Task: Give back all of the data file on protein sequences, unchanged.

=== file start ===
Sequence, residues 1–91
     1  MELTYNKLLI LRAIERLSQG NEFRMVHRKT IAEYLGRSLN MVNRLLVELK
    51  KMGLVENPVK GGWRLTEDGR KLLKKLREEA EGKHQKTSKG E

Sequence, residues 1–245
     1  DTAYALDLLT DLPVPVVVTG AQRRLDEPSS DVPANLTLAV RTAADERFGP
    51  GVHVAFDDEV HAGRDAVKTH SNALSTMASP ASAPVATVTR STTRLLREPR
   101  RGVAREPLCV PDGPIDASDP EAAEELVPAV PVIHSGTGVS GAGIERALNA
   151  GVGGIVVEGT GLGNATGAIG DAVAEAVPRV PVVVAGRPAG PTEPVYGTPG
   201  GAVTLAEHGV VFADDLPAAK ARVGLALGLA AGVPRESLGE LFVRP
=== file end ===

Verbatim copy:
Sequence, residues 1–91
     1  MELTYNKLLI LRAIERLSQG NEFRMVHRKT IAEYLGRSLN MVNRLLVELK
    51  KMGLVENPVK GGWRLTEDGR KLLKKLREEA EGKHQKTSKG E

Sequence, residues 1–245
     1  DTAYALDLLT DLPVPVVVTG AQRRLDEPSS DVPANLTLAV RTAADERFGP
    51  GVHVAFDDEV HAGRDAVKTH SNALSTMASP ASAPVATVTR STTRLLREPR
   101  RGVAREPLCV PDGPIDASDP EAAEELVPAV PVIHSGTGVS GAGIERALNA
   151  GVGGIVVEGT GLGNATGAIG DAVAEAVPRV PVVVAGRPAG PTEPVYGTPG
   201  GAVTLAEHGV VFADDLPAAK ARVGLALGLA AGVPRESLGE LFVRP